In 2011, Dutch right-wing politician Geert Wilders was cleared of charges of group defamation, incitement to hatred and discrimination against Muslims. Rutger Kaput looks at the case.
In October 2010, Dutch MP Geert Wilders was brought to justice on charges of group defamation, incitement to hatred and discrimination against Muslims. Wilders is an outspoken critic of Islam and leader of the Freedom Party, which won 24 out of 150 seats in parliament in the June 2010 elections. Initially, prosecutors found insufficient grounds to prosecute Wilders. An Amsterdam court judged otherwise, after various individuals had succesfully demanded a legal reconsideration of Wilders’ statements. This right is granted under Dutch law to those directly affected by potential offences which have not been pursued. The court argued that it was in the “public interest” to put Wilders on trial for his “insulting” comparison of the Qu’ran with nazism as well as for various other potentially illegitimate statements.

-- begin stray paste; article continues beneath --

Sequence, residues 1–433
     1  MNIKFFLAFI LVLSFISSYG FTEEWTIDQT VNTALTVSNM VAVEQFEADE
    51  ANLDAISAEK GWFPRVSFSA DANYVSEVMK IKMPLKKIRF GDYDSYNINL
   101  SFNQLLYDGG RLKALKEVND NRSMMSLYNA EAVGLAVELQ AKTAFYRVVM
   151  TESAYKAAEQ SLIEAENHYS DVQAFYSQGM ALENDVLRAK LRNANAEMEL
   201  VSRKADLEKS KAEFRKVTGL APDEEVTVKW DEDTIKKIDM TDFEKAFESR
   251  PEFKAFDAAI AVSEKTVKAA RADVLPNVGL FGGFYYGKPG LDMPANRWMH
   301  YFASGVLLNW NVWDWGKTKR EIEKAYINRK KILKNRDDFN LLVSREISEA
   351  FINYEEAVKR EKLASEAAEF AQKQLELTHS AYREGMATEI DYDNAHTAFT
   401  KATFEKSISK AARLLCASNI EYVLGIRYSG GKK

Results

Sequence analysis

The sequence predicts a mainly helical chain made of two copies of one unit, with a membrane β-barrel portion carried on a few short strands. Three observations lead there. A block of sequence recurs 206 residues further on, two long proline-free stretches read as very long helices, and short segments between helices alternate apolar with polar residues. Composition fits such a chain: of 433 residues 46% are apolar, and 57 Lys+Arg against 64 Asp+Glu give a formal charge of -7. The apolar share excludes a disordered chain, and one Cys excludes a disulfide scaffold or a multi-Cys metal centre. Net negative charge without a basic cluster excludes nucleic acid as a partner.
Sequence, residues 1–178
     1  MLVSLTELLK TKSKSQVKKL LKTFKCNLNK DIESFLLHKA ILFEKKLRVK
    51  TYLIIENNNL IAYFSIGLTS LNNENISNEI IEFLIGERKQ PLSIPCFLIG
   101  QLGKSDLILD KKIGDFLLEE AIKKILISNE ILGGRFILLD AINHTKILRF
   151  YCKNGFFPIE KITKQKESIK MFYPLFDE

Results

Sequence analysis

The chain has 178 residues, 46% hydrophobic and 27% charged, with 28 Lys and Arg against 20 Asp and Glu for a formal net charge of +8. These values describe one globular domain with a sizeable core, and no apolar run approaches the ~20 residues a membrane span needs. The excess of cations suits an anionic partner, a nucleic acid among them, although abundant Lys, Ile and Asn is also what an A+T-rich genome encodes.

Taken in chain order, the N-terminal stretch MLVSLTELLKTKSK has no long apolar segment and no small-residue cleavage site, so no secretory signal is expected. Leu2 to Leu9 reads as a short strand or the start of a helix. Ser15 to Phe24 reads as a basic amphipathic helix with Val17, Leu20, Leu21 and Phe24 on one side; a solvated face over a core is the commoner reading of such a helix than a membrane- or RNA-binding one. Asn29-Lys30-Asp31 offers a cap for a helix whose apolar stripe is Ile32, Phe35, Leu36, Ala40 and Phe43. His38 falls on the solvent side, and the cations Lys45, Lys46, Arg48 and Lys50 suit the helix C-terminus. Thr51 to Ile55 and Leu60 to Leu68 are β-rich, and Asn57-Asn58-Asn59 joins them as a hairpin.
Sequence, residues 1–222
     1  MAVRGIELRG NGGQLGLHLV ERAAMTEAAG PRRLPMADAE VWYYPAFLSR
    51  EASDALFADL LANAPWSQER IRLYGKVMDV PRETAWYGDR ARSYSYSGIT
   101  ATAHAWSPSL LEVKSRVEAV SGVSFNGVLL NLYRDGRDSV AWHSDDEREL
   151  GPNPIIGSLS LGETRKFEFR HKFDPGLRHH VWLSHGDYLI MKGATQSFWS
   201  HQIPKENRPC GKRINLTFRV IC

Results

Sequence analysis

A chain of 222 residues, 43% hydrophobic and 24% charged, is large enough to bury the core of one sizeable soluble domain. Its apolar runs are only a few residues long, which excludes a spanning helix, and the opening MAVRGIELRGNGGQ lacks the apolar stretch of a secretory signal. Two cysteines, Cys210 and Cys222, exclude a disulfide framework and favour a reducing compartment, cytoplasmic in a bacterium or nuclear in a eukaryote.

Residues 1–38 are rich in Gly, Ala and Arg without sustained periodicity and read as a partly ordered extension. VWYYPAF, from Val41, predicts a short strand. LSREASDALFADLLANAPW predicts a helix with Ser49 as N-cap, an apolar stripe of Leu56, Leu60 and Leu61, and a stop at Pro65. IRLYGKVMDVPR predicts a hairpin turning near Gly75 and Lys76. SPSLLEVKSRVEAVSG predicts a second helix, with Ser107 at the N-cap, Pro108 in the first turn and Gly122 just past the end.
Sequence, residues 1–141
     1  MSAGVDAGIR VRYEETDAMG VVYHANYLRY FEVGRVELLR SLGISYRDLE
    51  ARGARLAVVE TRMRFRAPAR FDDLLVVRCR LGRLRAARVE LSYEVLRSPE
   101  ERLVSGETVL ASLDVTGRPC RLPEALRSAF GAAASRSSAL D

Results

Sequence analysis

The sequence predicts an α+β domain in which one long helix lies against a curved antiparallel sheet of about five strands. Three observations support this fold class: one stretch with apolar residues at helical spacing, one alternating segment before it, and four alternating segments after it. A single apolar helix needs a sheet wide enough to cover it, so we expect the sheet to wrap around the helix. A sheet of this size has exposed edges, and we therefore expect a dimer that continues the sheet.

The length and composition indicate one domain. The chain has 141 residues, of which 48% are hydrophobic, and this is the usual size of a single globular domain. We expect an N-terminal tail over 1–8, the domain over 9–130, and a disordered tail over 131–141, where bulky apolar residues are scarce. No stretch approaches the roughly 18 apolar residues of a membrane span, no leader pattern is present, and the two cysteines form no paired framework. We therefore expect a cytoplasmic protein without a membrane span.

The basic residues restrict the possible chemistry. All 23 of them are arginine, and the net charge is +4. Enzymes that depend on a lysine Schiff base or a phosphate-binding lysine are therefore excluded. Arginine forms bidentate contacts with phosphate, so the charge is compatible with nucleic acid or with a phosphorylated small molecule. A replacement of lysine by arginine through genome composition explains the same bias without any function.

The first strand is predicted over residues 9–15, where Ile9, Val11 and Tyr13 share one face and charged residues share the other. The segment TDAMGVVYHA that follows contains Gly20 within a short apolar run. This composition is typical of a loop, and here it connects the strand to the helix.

After a tumultuous trial, Wilders was cleared of all charges in June 2011. As the official English trancript of the verdict states, the judge ruled that, though sometimes “hurtful and humiliating”, Wilders’ statements had remained within the boundaries of the law. Moreover, Wilders had consistently directed his criticism at Islam as a body of beliefs rather than at Muslims as a group of believers.